I would recommend this book for sure and for many categories of readers:  Male and female readers both young and old.  I don’t recommend it to those who are heavily into adult science-fiction – I suspect that they would find it a little too ‘light’ compared to what they are used to.  The story is unique, the characters distinctive and likeable.  It’s well paced, not too heavy on the science-fiction but enough so to transport you to a somewhat unfathomable but believable society.

First Family (Sean King & Michelle Maxwell Series #4) by David Baldacci

22 Jul

Rating:  2.5 out of 5 stars

I pulled this audio book off the libary shelves one afternoon when my favorite satellite radio show went on a 2 week vacation.  I chose this book because the author is very consistent.  Once you’ve read one of David Baldacci’s books, you know exactly what you are going to get with any of his others.  Here’s the breakdown of a Baldacci novel…they are all legal thrillers involving political figures and are usually unpredictable, which is what I like best!   There is little character development, which is okay with me because I don’t need that much to enjoy the thrill!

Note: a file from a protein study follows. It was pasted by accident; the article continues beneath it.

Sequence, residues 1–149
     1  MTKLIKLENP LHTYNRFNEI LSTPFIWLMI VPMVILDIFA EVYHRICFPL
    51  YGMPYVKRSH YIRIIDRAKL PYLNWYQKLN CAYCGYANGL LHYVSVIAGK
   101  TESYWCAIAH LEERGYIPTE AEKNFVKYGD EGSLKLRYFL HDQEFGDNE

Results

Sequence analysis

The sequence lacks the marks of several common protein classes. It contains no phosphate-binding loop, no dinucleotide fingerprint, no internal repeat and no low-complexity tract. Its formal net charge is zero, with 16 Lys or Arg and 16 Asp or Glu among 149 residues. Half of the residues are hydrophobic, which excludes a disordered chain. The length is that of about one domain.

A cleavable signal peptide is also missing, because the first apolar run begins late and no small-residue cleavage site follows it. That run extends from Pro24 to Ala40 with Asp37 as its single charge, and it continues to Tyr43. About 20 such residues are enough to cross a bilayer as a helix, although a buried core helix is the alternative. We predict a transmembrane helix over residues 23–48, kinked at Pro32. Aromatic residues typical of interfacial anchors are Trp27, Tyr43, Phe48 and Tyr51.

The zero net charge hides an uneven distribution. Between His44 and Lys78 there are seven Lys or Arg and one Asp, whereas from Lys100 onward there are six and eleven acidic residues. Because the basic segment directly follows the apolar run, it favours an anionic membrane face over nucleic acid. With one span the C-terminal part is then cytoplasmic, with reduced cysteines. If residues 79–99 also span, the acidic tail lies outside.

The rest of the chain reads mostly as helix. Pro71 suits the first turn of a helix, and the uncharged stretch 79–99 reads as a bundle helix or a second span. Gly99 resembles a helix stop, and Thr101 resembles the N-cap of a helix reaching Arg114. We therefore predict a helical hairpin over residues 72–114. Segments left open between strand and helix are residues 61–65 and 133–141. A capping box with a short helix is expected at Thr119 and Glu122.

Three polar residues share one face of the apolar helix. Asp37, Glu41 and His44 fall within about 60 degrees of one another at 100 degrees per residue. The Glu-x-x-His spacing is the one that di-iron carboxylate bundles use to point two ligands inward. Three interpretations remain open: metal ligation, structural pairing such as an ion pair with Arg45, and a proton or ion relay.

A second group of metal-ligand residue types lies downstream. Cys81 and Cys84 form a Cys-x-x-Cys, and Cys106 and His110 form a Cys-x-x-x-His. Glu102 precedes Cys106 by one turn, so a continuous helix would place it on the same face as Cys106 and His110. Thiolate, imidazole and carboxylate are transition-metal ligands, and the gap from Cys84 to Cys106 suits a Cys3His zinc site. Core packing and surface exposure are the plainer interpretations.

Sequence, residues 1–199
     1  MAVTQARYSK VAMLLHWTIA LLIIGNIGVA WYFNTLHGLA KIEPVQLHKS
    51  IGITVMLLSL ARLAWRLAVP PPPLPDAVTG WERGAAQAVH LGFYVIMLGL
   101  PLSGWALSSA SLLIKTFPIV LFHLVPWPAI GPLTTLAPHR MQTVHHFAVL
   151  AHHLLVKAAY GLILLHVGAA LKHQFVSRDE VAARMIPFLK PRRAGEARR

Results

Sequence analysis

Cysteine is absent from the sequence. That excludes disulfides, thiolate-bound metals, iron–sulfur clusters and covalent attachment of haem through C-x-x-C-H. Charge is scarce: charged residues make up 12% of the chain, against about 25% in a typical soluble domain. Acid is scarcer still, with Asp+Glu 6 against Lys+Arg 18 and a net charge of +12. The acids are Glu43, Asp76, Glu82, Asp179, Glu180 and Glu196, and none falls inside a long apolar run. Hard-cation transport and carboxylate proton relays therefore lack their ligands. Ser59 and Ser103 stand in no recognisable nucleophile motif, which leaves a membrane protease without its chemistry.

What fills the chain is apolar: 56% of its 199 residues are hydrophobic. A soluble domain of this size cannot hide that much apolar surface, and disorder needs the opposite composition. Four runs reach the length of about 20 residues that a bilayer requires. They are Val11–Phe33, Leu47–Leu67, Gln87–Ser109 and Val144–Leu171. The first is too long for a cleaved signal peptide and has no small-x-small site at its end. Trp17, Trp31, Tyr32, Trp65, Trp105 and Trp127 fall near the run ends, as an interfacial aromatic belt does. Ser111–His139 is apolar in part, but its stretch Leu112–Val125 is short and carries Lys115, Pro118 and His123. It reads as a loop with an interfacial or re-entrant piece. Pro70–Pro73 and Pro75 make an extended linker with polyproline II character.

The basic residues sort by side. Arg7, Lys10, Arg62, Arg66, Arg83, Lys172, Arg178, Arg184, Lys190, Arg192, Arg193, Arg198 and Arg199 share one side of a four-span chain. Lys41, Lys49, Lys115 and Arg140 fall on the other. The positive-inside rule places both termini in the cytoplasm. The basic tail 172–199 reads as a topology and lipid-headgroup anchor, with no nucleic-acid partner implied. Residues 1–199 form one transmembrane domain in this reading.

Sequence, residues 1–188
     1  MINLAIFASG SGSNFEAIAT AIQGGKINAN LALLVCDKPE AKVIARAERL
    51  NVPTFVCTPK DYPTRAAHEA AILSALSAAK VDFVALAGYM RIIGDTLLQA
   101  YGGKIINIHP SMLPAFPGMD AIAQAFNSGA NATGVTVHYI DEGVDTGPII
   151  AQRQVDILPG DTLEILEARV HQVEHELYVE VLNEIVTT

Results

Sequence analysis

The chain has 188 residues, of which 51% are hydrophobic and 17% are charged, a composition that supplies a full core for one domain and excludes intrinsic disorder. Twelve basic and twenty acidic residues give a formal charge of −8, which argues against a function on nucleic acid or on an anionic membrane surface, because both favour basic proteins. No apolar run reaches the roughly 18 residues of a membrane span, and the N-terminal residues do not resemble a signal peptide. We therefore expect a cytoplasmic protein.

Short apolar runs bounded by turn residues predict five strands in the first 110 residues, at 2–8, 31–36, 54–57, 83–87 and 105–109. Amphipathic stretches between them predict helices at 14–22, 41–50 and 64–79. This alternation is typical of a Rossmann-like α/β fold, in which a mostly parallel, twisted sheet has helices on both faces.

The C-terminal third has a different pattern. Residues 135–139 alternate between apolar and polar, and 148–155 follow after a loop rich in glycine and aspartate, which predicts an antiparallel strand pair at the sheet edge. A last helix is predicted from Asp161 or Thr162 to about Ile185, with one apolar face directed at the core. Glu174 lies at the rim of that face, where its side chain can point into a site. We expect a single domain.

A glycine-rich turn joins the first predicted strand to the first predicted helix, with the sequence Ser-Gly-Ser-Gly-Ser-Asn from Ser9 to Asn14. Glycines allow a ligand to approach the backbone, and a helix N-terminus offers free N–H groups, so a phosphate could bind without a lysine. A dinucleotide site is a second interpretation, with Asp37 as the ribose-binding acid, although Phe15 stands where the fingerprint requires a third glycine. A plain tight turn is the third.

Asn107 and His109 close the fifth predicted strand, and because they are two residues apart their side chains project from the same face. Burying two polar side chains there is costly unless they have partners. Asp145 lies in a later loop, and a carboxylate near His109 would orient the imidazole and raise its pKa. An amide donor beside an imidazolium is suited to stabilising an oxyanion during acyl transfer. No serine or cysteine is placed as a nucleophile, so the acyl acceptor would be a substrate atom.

The Sean King and Michelle Maxwell series is about the adventures Sean and Michelle get themselves into as retired Secret Service agents.  Basically they can’t stay away from the job even though they officially left that world.  Michelle definitely has some daddy issues and Sean seems to be a commitment phobe.  They definitely have sexual tension between each other too.  I’ve only read one other book in this series, Simple Genius, which I enjoyed.  And overall, this book did not disappoint either.  I did not feel like I was missing anything by not having read the other 2 previous books in this series. 

The first lady’s niece is kidnapped.  While the official channels work on finding out who took her, First Lady Jane contacts Sean Maxwell and asks him to conduct his own investigation.  Sean is ex-Secret Service and he brings along his partner, Michelle, and together they look to solve the crime on their own.  In the middle of this story there is a sub-plot involving Michelle and her family which seemed unnecessary because it doesn’t support the major storyline but was actually very intriguing as well.    The last chapter is dedicated to wrapping up some of the loose ends of this series, which was uninteresting to me because I hadn’t really been following it. 

As I mentioned, one of the most predictable things about Baldacci is his unpredictability!  While I was able to get an idea of what was going on and how things were going to end, I really was unable to predict the outcome until it was staring me in the face.  I loved that!  I also really enjoyed the Washington D.C. and the national government backdrop of the story.  Here’s what I didn’t like – the outcome was unfeasible.  I mean really unfeasible.  And unethical in the worst way.  It seems a little extreme for Baldacci’s taste and it surprised me.